Uruguay, cannabis and a lesson to the world

by Ray_North on December 26, 2013

images-2On the 23rd December 2013, President Jose Mujica of Uruguay signed off on the legislation allowing for the complete decriminalisation of the use, production of and sale of cannabis in his country – thus making Uruguay the most liberal nation on earth in terms of its drug laws.

In short, in Uruguay, the government can now grant a farmer a licence to produce cannabis, which can then be sold on to consumers via premises and outlets that, again, have been granted special licences for that purpose. All those involved will have to pay tax, whilst the consumers will not be treated as criminals for smoking weed, but, instead be treated like those addicted to cigarettes or alcohol might be in most other countries – that is as people with a health problem rather than an a criminal predilection.

Three massive cheers for Uruguay and the ace Jose Mujica as far as I’m concerned – what a wonderful politician and what a fascination country is being created in what is becoming the most fascinating region in the world.

What though are the implications of these law changes?

Well, first, I wouldn’t expect a great deal of change in the use of drugs in Uruguay, possession has been pretty much ignored in Uruguay for a number of years, but, what will happen is that those who are using cannabis will now be able to ensure that the drugs they are smoking are of good quality – so no risk of hepatitis from the process of changing cannabis leaves into resin and less risk of being sold high THC quantity drugs if that is not what you want – which is a real problem in Europe where extremely strong super skunk cannabis is causing mental health problems amongst long time users. Similarly, heavy users and habitual users, will now be able to seek help for their addiction without the fear of ending up in the criminal justice system – in fact, I expect, ultimately, cannabis use to remain stagnant, or perhaps fall a little.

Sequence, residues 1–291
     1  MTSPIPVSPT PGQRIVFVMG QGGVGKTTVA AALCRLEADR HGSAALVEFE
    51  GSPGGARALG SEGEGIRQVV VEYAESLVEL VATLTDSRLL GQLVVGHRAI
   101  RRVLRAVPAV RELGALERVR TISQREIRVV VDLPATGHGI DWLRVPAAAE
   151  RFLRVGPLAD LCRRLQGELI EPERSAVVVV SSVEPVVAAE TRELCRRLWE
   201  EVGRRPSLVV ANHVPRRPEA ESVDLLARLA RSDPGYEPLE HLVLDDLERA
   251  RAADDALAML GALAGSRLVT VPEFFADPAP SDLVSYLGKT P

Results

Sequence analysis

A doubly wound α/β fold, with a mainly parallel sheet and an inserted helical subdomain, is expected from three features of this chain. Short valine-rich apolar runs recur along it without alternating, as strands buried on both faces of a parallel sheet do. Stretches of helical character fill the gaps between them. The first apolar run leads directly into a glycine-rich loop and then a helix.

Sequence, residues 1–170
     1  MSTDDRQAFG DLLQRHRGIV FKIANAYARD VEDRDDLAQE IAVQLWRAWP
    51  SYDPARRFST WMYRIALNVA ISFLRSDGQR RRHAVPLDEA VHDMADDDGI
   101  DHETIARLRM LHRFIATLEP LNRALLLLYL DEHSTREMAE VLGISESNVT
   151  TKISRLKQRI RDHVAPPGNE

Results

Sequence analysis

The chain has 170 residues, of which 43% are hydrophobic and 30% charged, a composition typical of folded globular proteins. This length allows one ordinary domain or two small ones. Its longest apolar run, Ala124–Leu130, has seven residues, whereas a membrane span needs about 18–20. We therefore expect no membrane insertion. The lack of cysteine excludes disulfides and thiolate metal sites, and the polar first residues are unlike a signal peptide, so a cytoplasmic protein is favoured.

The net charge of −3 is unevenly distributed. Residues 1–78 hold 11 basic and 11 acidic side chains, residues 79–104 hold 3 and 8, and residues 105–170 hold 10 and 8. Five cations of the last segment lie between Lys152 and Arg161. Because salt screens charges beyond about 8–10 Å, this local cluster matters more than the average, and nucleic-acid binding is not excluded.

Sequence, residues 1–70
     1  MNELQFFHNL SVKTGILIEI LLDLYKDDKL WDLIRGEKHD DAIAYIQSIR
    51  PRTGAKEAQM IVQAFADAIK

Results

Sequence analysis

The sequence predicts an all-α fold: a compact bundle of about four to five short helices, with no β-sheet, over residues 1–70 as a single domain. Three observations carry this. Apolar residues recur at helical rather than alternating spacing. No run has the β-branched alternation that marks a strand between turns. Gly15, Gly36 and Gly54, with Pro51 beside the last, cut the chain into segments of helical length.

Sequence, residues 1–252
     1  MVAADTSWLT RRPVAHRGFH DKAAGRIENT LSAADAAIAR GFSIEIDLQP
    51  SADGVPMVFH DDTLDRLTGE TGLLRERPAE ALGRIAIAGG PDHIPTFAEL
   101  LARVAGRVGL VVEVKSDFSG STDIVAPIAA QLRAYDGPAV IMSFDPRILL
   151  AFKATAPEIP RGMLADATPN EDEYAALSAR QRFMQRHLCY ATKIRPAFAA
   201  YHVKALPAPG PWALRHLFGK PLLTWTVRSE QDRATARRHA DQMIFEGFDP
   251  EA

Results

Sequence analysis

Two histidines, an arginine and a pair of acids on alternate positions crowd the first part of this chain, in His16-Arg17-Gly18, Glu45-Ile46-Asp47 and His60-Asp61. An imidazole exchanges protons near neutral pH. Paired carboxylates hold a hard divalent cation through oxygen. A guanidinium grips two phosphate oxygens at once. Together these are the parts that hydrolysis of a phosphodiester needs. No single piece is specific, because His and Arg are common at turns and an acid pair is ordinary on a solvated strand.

Second, I fully expect crime in general to fall in Uruguay – I don’t know the facts and figures about drug related crime there, but, if it is anything like every other country, then a great deal of crime is tied up in drug users having to commit acquisitive crimes to pay for their habit, or from drug gangs branching out into racketeering and extortion as they maintain their grip on their ‘areas’ – the drug users will be able to purchase their drugs for a lower price; whilst the drug gangs will no longer be dependent upon the sale of illegal cannabis, something that will immediately impact upon their significance. In addition, police officers and resources that are currently used in drug enforcement will be freed up for other activities, which again, can only assist in the reduction of crime generally.

Third, in terms of the nations finances, I expect that the Uruguayan treasury will find that the taxes paid by cannabis farms and outlets will prove to be a nice little earner, especially if it is bolstered by a saving in the amount of money spent on trying to enforce the laws.

So, I fully expect Uruguay’s brave new drug policy to lead to a slight reduction in the use of cannabis, a fall in crime and an increase in tax income – it’s a phrase I detest, but….. it seems like a no brainer to me.

But that’s me, others will not be so supportive – the drug barons won’t be happy with having their income snatched away by a liberal administration and the North American right will be nervous of these laws – both sides will almost certainly respond and Mujica will become the target of the most unholy of alliances – the South American drug barons and the North American right wing. They will deride his every mistake, they will exaggerate every failing, they will undermine him and vilify him and ultimately, there may be elements who will do everything they can to remove him.

I for one, think that the world should support this very brave and progressive nation and their wonderfully heroic president. Viva Mujica.

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